Obviously if you're teaching to a small group there are simpler devices to use, and taking a group to the device may be as much trouble as taking a playback device to the group session.

John


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Subject: RE: Tech: Training using MIDI files
From: GUEST,leeneia
Date: 06 Apr 13 - 05:30 PM

This is how a choir made up of non-music-majors works. First, people have to learn their parts. To learn their parts, most members have to hear them repeatedly. This used to mean that somebody made tapes or CD's of the individual parts. We listened to them at home or in the car until we had our parts down.

At rehearsals we bring it all together and refine it.

With luck, one can find a part online and spare the director the task of making those learning CD's.

A few people might be able to teach themselves using a piano, but most need to hear a recording of some kind.


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Subject: RE: Tech: Training using MIDI files
From: GUEST,Grishka
Date: 06 Apr 13 - 07:39 PM

John, in principle we proceed as Leeneia describes; the singers, though very proficient and good music readers, must learn their parts individually at home, since my arrangements tend to be much more difficult than the few ones I uploaded to Mudcat as contributions to discussions.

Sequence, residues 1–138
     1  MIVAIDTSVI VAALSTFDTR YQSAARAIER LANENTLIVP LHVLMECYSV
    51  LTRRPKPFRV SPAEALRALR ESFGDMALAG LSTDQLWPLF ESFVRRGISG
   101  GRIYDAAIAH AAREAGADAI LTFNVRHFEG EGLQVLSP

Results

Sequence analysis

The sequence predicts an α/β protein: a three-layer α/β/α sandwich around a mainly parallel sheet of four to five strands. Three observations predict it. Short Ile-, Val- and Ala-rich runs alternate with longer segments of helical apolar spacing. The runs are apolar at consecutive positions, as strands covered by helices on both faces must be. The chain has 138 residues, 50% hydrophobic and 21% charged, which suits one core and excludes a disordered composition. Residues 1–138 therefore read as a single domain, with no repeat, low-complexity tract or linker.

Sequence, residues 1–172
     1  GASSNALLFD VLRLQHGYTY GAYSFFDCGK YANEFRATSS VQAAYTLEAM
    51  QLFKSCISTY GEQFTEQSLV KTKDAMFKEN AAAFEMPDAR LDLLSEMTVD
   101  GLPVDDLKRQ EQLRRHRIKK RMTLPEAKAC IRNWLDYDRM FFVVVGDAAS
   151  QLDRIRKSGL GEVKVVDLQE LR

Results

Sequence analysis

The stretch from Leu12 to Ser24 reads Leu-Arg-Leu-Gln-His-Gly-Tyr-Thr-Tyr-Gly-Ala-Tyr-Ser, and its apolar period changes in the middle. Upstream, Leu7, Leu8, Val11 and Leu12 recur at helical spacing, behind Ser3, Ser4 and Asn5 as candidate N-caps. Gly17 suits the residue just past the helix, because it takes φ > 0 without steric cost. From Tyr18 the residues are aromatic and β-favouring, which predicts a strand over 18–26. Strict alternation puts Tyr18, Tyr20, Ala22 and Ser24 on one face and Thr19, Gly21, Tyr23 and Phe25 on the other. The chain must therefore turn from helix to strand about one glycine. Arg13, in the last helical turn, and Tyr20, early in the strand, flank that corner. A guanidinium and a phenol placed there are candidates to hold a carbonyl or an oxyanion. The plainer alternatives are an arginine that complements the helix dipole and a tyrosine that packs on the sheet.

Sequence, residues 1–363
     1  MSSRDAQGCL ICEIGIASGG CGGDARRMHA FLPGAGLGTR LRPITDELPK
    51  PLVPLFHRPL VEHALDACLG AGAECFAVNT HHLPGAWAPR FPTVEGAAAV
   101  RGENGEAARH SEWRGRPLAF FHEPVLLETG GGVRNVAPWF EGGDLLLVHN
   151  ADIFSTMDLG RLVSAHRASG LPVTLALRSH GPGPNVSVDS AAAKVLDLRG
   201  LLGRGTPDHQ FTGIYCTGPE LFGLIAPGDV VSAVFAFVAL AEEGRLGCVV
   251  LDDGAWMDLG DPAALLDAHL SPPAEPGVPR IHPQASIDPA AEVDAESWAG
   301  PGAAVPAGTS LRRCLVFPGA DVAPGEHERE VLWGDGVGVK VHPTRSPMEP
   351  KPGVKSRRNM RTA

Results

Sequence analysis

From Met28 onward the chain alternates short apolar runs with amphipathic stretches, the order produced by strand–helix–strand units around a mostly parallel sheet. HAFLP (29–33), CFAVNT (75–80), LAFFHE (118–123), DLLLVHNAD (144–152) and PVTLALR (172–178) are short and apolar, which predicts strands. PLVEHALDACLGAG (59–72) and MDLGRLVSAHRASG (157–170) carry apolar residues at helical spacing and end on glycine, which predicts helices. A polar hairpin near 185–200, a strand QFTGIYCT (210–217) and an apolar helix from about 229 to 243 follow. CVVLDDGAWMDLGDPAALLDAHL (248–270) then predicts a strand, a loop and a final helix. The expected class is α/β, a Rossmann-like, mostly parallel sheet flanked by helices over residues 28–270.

For common rehearsals, an ordinary piano suffices.

CDs have the disadvantage that the only thing the singer can influence is the volume. The same applies to MIDI files when played straightforward, e.g. using the Windows Media Player. We want to control some parameters during the individual training, particularly including the relative volume between the singer's own part and the rest of the arrangement. Some time ago I tried "vanBasco's Karaoke Player" and found it usable for the purpose; now I am looking for alternatives (also for Linux), and reports from persons who used them.